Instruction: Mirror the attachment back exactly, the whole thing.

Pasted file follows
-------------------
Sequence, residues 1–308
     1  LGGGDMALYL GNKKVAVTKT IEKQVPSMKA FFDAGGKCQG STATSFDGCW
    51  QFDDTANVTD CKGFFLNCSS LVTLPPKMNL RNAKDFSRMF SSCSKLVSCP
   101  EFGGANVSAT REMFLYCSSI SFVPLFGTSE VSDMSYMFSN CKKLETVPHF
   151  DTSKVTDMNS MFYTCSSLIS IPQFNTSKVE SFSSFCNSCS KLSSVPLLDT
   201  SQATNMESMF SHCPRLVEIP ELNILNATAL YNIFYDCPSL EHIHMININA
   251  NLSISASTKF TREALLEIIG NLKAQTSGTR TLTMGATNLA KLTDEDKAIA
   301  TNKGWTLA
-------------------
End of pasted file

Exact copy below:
Sequence, residues 1–308
     1  LGGGDMALYL GNKKVAVTKT IEKQVPSMKA FFDAGGKCQG STATSFDGCW
    51  QFDDTANVTD CKGFFLNCSS LVTLPPKMNL RNAKDFSRMF SSCSKLVSCP
   101  EFGGANVSAT REMFLYCSSI SFVPLFGTSE VSDMSYMFSN CKKLETVPHF
   151  DTSKVTDMNS MFYTCSSLIS IPQFNTSKVE SFSSFCNSCS KLSSVPLLDT
   201  SQATNMESMF SHCPRLVEIP ELNILNATAL YNIFYDCPSL EHIHMININA
   251  NLSISASTKF TREALLEIIG NLKAQTSGTR TLTMGATNLA KLTDEDKAIA
   301  TNKGWTLA